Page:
The name Kapunda is believed to have been taken from “Cappie Oonda”, an Aboriginal phrase for “water jump out” – probably a spring.
OUR HERITAGE – Pastoralists and Mining
Prior to the discovery of copper, land in the area was leased by pastoralists including notably, Frederick Dutton (who later established Anlaby Station) and Charles Bagot.
Independently, the two families discovered copper in the area in 1842 but on learning of the discovery by the other, joined together to buy the relevant land holding and to mine the copper. Thus the town of Kapunda was established around the ‘Kapunda’ mine in 1843. The population was multi-cultural and included people of English, Cornish, Welsh, Irish and German origin. It has the notoriety of being the first Copper Mine in Australia; the first open cut mine; having the first horse whim and the first Cornish beam engine. Mining continued in the area for 30 years, during which time revenue from its sales reputedly saved South Australia from bankruptcy. As a consequence of the mining boom a railway to the town was established in 1860.
Both Frederick Dutton and Charles Bagot later went into politics, forerunners of 31 of S.A.’s Members of Parliament who were either born in Kapunda or lived in the town at some stage over the past 100 years.
Frederick Dutton was the earliest benefactor to the town and many of his legacies can still be seen and form critical elements of our town today, not least of which was money donated for the establishment of the Kapunda Hospital; land and funds for the establishment of the Dutton Park recreational area (now facilitating various sporting clubs a Caravan Park and a Harness Racing Club); financial assistance for the establishment of the Show Society, the Institute and various other groups that would have ceased but for his intervention.
Sir Sidney Kidman (1857-1935) Knighted in 1921.
From rouse-about and bullock driver to land-owner of over 100 station properties and more than 3% of Australia in his lifetime, including holdings in Kapunda Sir Sidney Kidman’s famous Horse Sales were conducted at the rear of the North Kapunda Hotel for some 30 years. Sir Sidney was recognised as a noted benefactor in many elements of Australian society, having made a very significant contribution to the war effort during WW1. He came to Kapunda in 1870.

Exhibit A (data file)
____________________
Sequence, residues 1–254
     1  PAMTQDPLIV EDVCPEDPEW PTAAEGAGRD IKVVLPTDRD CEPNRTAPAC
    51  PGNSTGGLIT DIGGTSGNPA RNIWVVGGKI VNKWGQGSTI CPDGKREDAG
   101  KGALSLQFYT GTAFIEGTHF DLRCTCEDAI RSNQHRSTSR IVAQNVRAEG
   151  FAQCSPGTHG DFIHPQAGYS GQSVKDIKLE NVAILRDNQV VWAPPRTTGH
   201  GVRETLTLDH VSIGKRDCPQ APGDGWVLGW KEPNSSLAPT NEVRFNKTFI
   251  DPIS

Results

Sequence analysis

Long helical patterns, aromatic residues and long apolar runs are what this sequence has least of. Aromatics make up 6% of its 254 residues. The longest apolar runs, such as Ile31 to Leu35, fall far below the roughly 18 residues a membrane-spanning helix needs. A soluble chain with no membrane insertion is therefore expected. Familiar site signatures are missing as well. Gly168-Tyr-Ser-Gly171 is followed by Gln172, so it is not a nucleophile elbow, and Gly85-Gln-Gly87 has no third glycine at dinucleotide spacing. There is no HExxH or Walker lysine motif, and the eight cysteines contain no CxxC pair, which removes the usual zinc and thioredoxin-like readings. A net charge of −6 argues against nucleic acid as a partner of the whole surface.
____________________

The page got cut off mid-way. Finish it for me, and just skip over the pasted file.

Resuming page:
Sir Sidney was also a generous benefactor in Kapunda, eventually donating the substantial Kidman residence “Eringa” to the Education Department, to become Kapunda’s High School (still in use as the High School and can be visited).
The ‘Kapunda Story’ continued on.
The early history of the mines in the town has contributed to an on-going impressive Heritage Tourism site; the Historical Society has established a nationally acclaimed Museum; a significant number of Artists, Authors and Musicians call Kapunda ‘home’ and contribute readily to the town’s increasingly important Cultural identity; Kapunda’s Australian Rules Football club is one of the oldest in our nation; Harness Racing (established in the 1950’s) continues along with Lions, Rotary and Probus clubs.
For those who are interested in the super-natural many visit the town for its reputation in that regard.
Many original buildings still stand – unfortunately some have been demolished or have disintegrated; businesses have come and gone; many residents have passed on or through, all leaving their mark on our town in many and varying ways, contributing to the framework of what Kapunda is, and will be.
Today, Kapunda is developing both residentially and industrially. Though broken up into smaller holdings, the legacy of our ‘pastoralist’ past continues, with the town surrounded by land given to cropping and farming. Thanks to our past, (and those who have continued to support and run them) the town enjoys a variety of amenities that remain the envy of other towns of similar size. Kapunda largely remains a centre with a country atmosphere that is enjoyed by residents and visitors alike.